Showing clear evolution over the previous games, as well as including some of the best features from the fifth entry, this remake is very good for fans that might have missed this the first time, those who want to come back with everything included, or for even first time players. Even those not looking for the massive post-game grind, the main story is funny enough to earn a recommendation for JRPG fans on that merit alone. It is a great overall package.
It's hard to recommend this to any but the most hard-core and starved puzzle lovers. Despite its 'fun' graphics, the game does not have much charm, and the levels are repetitive and rely far too much on just trying random things until something finally works. Despite how fun older games like this once were, it does not stack up to modern puzzlers in the slightest.
A curious example of a title being both more refined, but also less good than its predecessor. The action is smoother, better, and overall much more engaging. Purely as a platformer it is great fun, can be picked up cheap, and is only marred by simplistic, one-way levels and its short length. As an entry it is inferior to its predecessor with the removal of various gear, crafting, and challenges, making it a one-trick pony.
They Are Billions does a lot of things great. The survival twist of a city-builder is unique, and lots of fun. Dealing with the huge waves is always as fun as it is stressful, including the huge final waves. Things that hold the game back are difficulty playing a computer game on console controls, and various UI and graphics issues as well as slowdown. This being said, it's a solid and unique RTS title.
It looks good (mostly), and has all the qualities that seem like it would make a great game. Not only does it fail to come together coherently, yet it also it lacks a sense of magic or "heart" that the art style would suggest it possesses. While nothing is largely technically wrong with Indivisible, it fails to be engaging as a RPG, its platforming fails to recommend it on this front, and the story never goes anywhere significant to offer this up either. This isn't bad, but it just isn't that good either.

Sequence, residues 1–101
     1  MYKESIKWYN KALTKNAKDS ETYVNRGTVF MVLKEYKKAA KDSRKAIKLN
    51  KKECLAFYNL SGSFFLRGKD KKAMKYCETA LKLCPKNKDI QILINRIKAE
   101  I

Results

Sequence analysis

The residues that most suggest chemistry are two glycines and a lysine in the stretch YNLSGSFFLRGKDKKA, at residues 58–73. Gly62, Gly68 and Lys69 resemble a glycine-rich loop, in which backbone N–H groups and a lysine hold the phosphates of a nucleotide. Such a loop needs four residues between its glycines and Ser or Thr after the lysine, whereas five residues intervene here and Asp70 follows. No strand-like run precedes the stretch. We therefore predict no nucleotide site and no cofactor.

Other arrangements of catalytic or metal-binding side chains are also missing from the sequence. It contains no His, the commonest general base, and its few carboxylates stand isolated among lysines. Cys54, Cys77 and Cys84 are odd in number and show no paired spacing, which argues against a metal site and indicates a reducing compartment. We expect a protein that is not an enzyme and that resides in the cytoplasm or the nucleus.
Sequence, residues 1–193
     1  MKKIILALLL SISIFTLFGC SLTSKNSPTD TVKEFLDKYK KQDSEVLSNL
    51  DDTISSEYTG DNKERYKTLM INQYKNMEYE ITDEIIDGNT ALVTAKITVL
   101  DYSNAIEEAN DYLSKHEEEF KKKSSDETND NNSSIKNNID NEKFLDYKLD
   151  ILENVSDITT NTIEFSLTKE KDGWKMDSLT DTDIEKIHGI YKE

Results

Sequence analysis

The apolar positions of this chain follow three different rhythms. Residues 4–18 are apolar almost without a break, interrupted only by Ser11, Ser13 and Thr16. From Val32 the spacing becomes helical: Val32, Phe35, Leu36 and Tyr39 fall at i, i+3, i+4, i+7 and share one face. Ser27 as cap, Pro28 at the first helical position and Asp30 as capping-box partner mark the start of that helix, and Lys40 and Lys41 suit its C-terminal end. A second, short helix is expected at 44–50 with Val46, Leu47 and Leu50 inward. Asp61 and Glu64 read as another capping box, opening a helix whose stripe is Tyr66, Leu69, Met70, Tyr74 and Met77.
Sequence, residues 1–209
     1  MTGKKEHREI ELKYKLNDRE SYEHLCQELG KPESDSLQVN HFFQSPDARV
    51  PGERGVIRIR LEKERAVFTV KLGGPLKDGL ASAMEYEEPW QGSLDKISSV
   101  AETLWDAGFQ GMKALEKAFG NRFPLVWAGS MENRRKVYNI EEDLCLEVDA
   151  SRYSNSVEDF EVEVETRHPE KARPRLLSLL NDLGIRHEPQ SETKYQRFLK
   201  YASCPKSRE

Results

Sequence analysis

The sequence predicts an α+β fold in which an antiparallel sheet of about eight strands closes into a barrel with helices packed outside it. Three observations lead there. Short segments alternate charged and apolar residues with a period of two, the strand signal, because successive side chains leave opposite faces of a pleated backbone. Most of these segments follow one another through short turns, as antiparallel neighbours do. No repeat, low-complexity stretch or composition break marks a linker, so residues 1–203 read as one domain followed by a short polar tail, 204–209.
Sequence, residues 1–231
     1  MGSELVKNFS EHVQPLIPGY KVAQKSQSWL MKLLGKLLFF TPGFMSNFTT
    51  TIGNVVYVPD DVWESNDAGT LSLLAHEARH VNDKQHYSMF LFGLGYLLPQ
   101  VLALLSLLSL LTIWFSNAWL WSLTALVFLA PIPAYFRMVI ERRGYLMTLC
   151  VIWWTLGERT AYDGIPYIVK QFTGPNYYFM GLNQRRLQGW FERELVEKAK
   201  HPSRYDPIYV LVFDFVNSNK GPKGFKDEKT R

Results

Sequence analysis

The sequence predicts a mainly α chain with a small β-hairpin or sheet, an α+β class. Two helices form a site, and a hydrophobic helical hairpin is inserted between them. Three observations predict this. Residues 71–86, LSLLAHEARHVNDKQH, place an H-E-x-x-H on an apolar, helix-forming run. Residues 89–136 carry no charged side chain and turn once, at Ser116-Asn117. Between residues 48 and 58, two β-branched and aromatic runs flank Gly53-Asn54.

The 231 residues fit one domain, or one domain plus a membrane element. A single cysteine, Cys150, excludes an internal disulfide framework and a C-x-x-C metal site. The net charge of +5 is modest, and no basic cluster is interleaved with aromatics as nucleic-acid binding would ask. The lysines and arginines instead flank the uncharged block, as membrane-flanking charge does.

Endless grind, very slow progression, and an abysmal battle system, are the major knocks against what would otherwise be an average experience. The story itself is unique, but hardly goes into depth instead relying far more on shock-value of events occurring rather than actual meaning. Unfortunate, really, as the plot serves up a huge potential for some interesting questions, or dialogue - things that are completely missing.
Anyone looking for an anime brawler will find this one to be a very good one. It is not to be played for its highly-compressed retelling of a former story, nor its short length; but for mindless action and fighting it delivers fairly well. The combat is fun with enough to it to stay fairly interesting for the ten or so hours it takes to beat, just be warned there isn't some great adventure to partake in here.
There are some really great ideas here, but weighed down by simple problems. As it is, it freezes, the menu hangs, and the absolute precision needed for nearly every move (and an oddly complex control scheme) makes the game get in the way of itself far more than it ever should.
Despite its cartoony graphics, this game is a surprisingly solid city builder. There is enough here that fans of the various genres this takes from will find it enjoyable as they craft their ever-growing city and automation empire. Programming the robots is oddly satisfying as is watching them roll around and taking care of the smaller tasks. A couple of small bugs and some pacing issues prevent it from being truly great, but those remotely interested in the genre will definitely have a lot of fun with this one.